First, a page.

Graduate students say that members of CGSU frequently visit their offices, attempting to gain signatures needed for a unionization vote.

Lily Croskey-Englert / Sun Staff Photographer

Graduate students say that members of CGSU frequently visit their offices, attempting to gain signatures needed for a unionization vote.

November 13, 2016

Graduate Students: CGSU Coerces Members With ‘Emotional Blackmail’

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Graduate students say they are being harassed and “emotionally blackmailed” by members of Cornell Graduate Students United, as the group fights to gain the signatures it needs to put unionization to a vote.

According to CGSU’s code of conduct agreement with Cornell, the union must obtain authorization cards from 30 percent of the bargaining unit — which consists of students like teaching assistants, who are employed directly by the University — in accordance with guidelines provided by the National Labor Relations Board.

Critics of CGSU say representatives’ visits feel like solicitations by salesmen, as though “someone [is] trying to sell you something that you’re not really prepared or interested in at the time,” according to Juan Guzman grad.

Students said union members have frequently spoken to them at their offices and over the phone. Some, like Ruidong Chen grad, were even visited at their homes.

“I was going home and as I was going in the door, there was two people asking if you are Ruidong — because I guess they have a list of people’s pictures and names and addresses,” Chen said. “I was surprised that they’re actually going to people’s [houses], going door to door.”

Other graduate students worry that CGSU members adopt an intentionally negative tone during these in-person visits, by initiating encounters with questions such as “Do you have a problem with your advisor?”, according to Siddarth Chandrasekaran grad.

These questions are a result of the way Chandrasekaran says CGSU implies that there is a divide between students and the administration on campus.

“I think CGSU has a way of presenting their story in a way where they can potentially be polarizing the campus,” he said.

Maggie Gustafson, a member of CGSU, defended these in-person solicitations as a normal part of the unionization process, although she acknowledged that requests may feel uncomfortable to graduate students on both sides of the table.

“Organizing campaigns put people out of their comfort zone, both organizers and the people they’re trying to reach,” Gustafson said. “I think that discomfort is normal, but it doesn’t mean that the cause and the campaign aren’t good and aren’t worth it.”

Following their initial meetings with the union, some graduate students have said they feel that opposition or hesitation is not accepted by CGSU members. For Teja Bollu grad, raising concerns about the effectiveness of a union has “always been mischaracterized” by CGSU, which equates it to disdain for the welfare of fellow students.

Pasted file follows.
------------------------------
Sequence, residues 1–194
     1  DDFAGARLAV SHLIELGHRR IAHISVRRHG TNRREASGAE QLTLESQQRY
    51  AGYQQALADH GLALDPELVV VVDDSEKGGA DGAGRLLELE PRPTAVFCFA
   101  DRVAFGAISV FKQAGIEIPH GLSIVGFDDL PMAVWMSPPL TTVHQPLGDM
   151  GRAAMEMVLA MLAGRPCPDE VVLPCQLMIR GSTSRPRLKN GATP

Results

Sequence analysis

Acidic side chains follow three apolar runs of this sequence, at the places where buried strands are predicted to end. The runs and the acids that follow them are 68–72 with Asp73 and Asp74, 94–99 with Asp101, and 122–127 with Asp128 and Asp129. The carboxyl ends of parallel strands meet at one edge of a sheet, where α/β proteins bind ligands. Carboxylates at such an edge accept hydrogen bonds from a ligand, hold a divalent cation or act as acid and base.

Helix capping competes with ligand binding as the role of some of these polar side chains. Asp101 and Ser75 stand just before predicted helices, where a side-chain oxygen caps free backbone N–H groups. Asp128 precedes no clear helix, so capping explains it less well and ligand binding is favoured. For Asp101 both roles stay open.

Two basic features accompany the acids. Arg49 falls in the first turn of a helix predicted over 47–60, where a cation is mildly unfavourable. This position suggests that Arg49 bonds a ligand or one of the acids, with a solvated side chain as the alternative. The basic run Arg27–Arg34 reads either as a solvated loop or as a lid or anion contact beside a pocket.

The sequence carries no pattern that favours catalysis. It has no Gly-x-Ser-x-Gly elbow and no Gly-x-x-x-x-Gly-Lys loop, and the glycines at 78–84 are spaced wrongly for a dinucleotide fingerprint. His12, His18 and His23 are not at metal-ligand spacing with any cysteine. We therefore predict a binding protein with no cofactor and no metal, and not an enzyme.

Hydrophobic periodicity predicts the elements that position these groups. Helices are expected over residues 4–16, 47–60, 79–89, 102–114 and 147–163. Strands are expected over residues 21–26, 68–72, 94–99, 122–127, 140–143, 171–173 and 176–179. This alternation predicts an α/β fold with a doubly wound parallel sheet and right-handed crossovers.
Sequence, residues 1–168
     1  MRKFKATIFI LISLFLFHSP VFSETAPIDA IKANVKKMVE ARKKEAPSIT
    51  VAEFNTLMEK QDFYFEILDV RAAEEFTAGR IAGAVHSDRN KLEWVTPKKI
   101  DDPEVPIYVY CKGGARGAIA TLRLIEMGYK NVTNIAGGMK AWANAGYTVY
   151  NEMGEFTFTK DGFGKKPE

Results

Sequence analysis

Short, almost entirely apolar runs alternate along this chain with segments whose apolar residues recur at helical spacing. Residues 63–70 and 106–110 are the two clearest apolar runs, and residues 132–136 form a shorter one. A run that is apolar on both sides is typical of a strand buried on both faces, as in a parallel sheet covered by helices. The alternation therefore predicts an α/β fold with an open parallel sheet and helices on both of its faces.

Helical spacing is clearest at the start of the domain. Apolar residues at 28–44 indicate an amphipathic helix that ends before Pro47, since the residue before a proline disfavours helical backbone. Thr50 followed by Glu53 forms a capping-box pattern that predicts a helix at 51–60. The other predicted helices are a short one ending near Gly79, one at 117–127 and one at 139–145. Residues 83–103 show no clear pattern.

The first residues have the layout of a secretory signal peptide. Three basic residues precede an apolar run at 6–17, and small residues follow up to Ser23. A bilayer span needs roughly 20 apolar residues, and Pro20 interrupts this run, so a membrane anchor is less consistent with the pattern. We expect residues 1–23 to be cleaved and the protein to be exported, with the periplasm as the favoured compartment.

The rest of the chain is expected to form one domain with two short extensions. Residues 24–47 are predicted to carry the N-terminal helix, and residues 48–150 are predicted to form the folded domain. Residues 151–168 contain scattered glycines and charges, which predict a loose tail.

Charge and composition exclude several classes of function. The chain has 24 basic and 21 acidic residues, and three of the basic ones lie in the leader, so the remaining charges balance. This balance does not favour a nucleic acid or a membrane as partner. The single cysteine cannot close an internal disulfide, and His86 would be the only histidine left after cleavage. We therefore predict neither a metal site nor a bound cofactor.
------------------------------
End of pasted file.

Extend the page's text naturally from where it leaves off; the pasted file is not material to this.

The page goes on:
“Characterizing the whole population who has opposition to the union as unconsidered with welfare of their fellow students and very narrowly focused on their own self-interests — I think [this] is unacceptable,” Bollu said.

He added that the process through which union members attempt to gather membership cards is an additional point of critique by graduate students has also involved what he calls “emotional blackmail.”

“The idea [is] that if you are not signing this, you don’t care enough about other students,” he said. “Just because you have it good and other people are suffering, you are selfish and that’s why you do not want it.”

When Guzman and a fellow graduate student resisted signing membership cards, the union members “were pretty forceful about asking us the reasons, the discrete reasons why we didn’t want to,” Guzman said.

Ultimately, some students said they signed membership cards so CGSU would leave them alone.

Addressing the pressure students may feel during their interactions with the union, Gustafson argued that the decision-making process comes down to the individual.

“I don’t think there’s any intent to shame people. I think there’s more of an intent to make people aware of what’s happening around them,” she said. “It’s up to individuals to decide how much of a part they would like to play or not in our approach to changing that.”

Not all graduate students share this view of their encounters with CGSU. Jordan Jochim grad said that he has “found that [CGSU and AFT members] are genuinely invested in the wellbeing of the graduate students here and are really motivated by ensuring adequate working conditions and outlets for shared governance.”

The number of graduate students who have signed membership cards is currently unknown. Because of what she referred to as “strategic” decision, Gustafson, on behalf of the union, declined to comment on the number of membership cards CGSU has collected.

Although the agreement requires this minimum amount of support, “the kind of union we’re trying to build, the kind of community we’re trying to build, we’re not going to vote at 30 percent,” Gustafson said.

She explained that CGSU will initiate the vote at a currently undetermined time, when it feels it has involved the entire community in the process and the movement “really has groundswell support.”

“A big part of our campaign is making sure that everybody has a say and has a voice and gets to participate. And we can’t do that if we can’t talk to people,” Gustafson said. “We are trying to build a community and that requires frequent and or constant outreach.”